Uber’s story started in 2008 when Travis & Garret met at the LeWeb tech conference. They were both successful entrepreneurs who had sold separate startups. Travis had sold Red Swoosh, and Garrett sold StumbleUpon.
One evening they couldn’t catch a cab back from the conference, and they came up with the idea of simply requesting a ride from the phone.
When Garrett returned to San Fransisco, he immediately bought the domain UberCab.com and started thinking about the idea. He asked Travis to join, and by 2010, Uber was launched with only three cars.
First, they offered a solution to a real problem. Many people found themself stuck, unable to catch a ride. They understood the pain point and knew how to solve it. Uber team understood that people have two options. They could own and drive their own car, which comes with added costs (maintenance, fuel, parking, etc.), or they can take public transport and miss out on the comfort and speed of a car.
Now they had to find early adopters to use their product and key drivers for supply-side.
Uber also read the map correctly and identified the potential of the growing gig economy that allowed people to earn a side income. This was a growing need and a real pain point for many people losing their job. So now Uber has a solution for both sides. For those who need a ride and those looking for a job, solving the demand-side – drivers.
But the question remained — how to get users?
As with any startup, the big question is how to get users, especially the early adopters.
The Growth Hack
Uber quickly realized that the tech community in San Fransisco are great early adopters who were always looking to make their lives more convenient. In response, Uber began sponsoring tech events and providing free rides to attendees. Participants loved the product, and it became a hit. This led to media coverage, blog posts, and increased demand, which enabled Uber to become what it is today.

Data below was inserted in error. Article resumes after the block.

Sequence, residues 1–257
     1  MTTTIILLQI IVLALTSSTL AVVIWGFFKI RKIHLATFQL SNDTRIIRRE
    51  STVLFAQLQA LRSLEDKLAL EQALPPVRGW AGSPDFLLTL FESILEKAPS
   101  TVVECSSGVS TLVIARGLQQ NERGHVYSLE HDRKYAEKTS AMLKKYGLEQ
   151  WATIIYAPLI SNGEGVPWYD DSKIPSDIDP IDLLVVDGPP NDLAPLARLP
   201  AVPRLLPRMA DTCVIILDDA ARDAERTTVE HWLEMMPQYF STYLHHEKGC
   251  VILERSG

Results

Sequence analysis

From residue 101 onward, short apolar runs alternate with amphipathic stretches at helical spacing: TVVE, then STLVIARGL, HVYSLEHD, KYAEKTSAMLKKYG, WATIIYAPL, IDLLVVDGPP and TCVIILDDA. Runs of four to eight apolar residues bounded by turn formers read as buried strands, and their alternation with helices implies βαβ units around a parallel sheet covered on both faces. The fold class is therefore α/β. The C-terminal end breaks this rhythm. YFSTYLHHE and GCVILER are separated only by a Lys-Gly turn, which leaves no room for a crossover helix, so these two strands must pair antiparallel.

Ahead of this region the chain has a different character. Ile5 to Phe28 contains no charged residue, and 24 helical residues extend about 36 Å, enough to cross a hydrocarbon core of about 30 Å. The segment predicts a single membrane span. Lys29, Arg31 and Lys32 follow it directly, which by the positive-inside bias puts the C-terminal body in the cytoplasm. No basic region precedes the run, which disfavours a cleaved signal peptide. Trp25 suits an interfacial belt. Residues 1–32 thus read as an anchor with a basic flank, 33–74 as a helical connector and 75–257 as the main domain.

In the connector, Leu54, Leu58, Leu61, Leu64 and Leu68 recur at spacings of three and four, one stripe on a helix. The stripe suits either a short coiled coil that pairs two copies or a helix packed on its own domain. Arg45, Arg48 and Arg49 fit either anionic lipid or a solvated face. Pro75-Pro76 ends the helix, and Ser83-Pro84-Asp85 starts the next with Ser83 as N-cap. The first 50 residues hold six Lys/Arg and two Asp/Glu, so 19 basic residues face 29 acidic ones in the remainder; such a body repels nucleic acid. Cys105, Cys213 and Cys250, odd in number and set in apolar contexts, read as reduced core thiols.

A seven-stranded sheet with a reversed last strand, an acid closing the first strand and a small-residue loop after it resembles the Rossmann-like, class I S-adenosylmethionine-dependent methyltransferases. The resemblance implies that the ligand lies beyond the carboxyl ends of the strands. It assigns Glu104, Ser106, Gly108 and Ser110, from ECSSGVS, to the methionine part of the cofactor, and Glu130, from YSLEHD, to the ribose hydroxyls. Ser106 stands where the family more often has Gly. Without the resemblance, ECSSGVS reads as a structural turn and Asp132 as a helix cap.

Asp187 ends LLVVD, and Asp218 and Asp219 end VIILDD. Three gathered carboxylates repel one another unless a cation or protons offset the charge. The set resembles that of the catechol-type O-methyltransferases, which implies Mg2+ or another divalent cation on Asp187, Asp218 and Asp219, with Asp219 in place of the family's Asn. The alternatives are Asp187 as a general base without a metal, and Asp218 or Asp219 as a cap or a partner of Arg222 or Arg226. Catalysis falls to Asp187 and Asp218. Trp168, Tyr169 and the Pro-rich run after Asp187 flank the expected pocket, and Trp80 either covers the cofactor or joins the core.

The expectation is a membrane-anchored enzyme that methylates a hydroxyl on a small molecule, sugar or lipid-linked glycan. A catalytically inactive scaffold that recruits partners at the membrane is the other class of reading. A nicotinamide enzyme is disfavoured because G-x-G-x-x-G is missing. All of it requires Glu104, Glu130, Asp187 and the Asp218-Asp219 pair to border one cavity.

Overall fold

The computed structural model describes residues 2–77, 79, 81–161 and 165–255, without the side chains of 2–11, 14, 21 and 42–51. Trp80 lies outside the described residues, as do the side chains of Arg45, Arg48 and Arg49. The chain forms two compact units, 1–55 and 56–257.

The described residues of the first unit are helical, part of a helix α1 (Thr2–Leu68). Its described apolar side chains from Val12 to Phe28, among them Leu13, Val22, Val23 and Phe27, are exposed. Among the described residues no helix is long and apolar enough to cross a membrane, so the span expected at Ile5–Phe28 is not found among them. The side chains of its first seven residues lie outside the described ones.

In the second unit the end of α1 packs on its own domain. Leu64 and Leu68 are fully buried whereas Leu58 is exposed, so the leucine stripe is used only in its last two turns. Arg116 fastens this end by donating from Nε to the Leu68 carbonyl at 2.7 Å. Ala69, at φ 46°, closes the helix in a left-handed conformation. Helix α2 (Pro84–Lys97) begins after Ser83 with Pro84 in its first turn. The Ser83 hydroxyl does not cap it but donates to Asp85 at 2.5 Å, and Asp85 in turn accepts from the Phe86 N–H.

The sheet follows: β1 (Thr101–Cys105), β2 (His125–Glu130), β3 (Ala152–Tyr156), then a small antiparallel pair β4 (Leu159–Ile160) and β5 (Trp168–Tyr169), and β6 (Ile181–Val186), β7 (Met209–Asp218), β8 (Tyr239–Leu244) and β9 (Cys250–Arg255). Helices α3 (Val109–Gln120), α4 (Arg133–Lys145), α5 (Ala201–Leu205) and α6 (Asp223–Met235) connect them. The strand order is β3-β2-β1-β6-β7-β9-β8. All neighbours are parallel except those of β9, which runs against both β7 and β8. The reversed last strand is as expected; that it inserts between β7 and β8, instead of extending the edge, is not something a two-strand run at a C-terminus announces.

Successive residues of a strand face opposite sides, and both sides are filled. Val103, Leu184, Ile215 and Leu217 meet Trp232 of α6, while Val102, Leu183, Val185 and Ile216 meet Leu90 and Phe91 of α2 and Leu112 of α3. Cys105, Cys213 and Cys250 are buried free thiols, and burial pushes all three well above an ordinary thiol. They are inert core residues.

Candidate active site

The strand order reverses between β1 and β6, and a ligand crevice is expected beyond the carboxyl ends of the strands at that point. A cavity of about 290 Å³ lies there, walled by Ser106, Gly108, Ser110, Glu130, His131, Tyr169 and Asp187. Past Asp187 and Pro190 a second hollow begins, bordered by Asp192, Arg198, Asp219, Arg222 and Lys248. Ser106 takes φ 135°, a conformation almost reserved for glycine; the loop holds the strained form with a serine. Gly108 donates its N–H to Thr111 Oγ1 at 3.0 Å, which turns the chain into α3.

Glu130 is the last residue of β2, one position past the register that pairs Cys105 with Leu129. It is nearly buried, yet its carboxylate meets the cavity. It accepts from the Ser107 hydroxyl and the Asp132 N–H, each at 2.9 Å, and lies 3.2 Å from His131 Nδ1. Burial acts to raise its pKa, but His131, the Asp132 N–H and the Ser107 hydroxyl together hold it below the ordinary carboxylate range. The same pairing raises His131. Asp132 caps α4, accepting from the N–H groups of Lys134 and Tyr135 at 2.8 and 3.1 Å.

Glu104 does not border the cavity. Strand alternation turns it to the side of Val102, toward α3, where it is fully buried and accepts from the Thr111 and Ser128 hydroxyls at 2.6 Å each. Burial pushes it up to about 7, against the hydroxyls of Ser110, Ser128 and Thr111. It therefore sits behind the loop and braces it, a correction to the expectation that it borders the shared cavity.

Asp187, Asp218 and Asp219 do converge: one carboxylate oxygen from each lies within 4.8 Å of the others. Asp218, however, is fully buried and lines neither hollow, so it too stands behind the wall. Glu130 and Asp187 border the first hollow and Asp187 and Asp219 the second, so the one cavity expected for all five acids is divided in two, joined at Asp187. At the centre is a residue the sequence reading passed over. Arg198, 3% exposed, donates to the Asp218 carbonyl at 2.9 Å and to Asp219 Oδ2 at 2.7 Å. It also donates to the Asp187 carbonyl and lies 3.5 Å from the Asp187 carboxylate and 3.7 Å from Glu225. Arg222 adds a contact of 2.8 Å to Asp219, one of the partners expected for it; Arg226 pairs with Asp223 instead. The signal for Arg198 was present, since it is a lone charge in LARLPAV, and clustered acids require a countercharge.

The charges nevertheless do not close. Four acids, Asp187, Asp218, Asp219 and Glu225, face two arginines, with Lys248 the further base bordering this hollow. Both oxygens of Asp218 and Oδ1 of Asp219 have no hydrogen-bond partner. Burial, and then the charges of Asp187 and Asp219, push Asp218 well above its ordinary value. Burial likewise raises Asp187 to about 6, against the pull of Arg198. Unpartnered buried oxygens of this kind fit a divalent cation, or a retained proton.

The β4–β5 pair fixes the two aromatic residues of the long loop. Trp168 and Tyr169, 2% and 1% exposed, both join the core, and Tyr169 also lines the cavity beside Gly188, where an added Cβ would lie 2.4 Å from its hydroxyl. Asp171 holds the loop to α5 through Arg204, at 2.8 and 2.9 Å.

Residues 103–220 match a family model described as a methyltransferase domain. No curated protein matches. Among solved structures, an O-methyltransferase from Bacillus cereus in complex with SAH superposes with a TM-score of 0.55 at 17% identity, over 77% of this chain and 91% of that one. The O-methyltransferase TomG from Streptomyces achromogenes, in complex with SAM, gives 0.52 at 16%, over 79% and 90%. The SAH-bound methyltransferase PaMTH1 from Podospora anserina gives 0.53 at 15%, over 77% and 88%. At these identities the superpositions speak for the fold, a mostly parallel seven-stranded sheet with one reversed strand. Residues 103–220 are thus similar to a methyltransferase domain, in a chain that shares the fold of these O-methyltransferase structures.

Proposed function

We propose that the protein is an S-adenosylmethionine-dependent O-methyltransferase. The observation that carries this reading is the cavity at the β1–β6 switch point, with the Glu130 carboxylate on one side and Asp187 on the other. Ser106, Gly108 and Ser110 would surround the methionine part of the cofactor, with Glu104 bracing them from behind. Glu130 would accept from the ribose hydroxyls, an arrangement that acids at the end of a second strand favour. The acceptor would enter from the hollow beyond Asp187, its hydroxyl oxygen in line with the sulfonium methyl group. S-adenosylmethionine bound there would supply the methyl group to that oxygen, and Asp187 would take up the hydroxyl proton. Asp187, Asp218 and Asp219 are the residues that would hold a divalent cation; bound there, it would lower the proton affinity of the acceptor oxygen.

This method led to impressive initial growth. Within six months of launch, they had 5,000 users and had completed over 15,000 rides.
Uber kept using growth hacking for rapid growth, but they also had to expand geographically before other players became prominent. As a result, they grew rapidly but still missed some markets, such as China and parts of Asia, as other players had already taken over the market.
They continued to use free rides as a growth strategy by offering them to first-time app users. As part of the registration, you had to enter your credit card details, even if it’s just to get the free ride. That made it extremely easy for users to book future rides with minimal barriers. The free ride is a valuable gift and a strategy used by many companies. Just make sure it’s worthwhile to your users.
Another strategy Uber uses is to take advantage of critical moments when they identify high demand for transportation. For example, one story is about when there was a taxi strike in Mexico. That’s when Uber offered users free rides.
During the taxi strike in Mexico, the specific hack increased its download volume by 800%.
Since 2014, Uber’s growth has exploded. In 2015 they had over 150,000 active drivers every month.